Thursday, March 29, 2012

How Far Will A Man Go To Court A Woman?

So what does that have to do with Genealogy?

Actually, thinking about that question might help a lot in researching your ancestors.

If you are looking for records of parents, siblings, or children of an ancestor you just might find they aren't too far away from where their spouse lived before they were married.

Long distance courtships were a lot closer in the good old days than they are now.

Birth, death, or marriage records might just be a buggy ride away. Check out vital records nearby.  In the pre 1900's if a man had a horse he might have a 5 mile radius because he had to be home at work the next day . Also, spouses families (in-laws, grandparents, aunts & uncles may have known your ancestor. Contact their researchers.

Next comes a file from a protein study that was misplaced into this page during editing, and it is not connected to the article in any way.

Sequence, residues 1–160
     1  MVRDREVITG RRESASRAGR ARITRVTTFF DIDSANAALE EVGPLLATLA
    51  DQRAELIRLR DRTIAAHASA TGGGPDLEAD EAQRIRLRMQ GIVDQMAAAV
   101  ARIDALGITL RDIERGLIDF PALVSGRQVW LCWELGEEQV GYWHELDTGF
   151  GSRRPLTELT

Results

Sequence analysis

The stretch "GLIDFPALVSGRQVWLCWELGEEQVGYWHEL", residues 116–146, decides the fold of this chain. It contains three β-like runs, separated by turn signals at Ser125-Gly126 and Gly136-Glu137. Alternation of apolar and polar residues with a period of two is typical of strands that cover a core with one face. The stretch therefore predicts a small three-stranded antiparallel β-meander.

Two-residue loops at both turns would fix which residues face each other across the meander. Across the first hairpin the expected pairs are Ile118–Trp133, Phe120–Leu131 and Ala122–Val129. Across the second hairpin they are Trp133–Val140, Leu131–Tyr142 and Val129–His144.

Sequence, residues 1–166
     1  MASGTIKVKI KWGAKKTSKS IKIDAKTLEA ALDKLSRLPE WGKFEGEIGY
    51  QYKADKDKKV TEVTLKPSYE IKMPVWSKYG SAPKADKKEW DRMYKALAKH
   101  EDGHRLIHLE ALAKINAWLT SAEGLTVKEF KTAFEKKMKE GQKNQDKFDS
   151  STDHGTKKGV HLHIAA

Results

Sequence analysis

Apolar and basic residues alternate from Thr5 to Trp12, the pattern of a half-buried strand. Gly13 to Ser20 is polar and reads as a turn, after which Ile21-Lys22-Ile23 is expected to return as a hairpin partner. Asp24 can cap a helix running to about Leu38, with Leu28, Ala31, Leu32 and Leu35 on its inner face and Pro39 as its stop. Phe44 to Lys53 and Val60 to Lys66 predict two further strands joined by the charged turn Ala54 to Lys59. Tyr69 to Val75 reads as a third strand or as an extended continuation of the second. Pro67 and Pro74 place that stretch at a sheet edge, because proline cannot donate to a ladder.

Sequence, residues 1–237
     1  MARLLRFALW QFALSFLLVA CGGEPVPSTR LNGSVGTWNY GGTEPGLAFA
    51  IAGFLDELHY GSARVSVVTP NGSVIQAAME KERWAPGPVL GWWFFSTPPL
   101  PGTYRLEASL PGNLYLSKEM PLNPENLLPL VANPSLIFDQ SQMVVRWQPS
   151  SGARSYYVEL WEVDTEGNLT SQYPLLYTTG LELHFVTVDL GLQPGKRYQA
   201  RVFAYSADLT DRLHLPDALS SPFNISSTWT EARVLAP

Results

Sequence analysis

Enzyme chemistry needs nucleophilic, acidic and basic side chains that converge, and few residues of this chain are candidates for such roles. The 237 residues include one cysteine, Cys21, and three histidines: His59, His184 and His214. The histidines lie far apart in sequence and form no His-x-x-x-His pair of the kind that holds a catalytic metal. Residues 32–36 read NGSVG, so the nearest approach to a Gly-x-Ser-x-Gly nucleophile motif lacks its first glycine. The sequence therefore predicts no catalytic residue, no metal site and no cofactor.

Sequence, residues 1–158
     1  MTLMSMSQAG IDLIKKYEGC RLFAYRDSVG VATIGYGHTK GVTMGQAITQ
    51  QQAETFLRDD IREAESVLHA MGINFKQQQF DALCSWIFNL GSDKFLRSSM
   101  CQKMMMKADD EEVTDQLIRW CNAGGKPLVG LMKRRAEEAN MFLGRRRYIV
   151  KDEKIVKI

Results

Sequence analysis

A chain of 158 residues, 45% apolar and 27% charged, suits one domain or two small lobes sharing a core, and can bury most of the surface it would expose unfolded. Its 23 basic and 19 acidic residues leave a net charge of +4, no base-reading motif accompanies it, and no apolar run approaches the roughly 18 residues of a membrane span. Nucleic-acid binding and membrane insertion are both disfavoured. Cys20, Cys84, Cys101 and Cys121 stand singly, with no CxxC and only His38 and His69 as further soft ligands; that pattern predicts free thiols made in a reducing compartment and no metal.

By the way, death certificates, mortuary, and sexton records may contain different details than what you have been given. Check them all. Check for licenses, certificates, and registers. Look for contracts, consents, or any documents. Check the record dates. I just found a document that proved my mothers journal wrong on a birth date of  a grandfather. It's all part of that detective thing that hooks you. Tip: Request a photo copy of the original record. It will show all the details where a transcipt may not.


  1. What grandfather, date?

    I found documentation our 2nd great grandmother came on a different ship and date than her memory (Book of Remembrance story) stated.

  2. She had written that Joseph Rich Porter was born 2 days before Joseph Smith was murdered. IF we went by that we would be wrong. He was born 2 months before, not 2 days.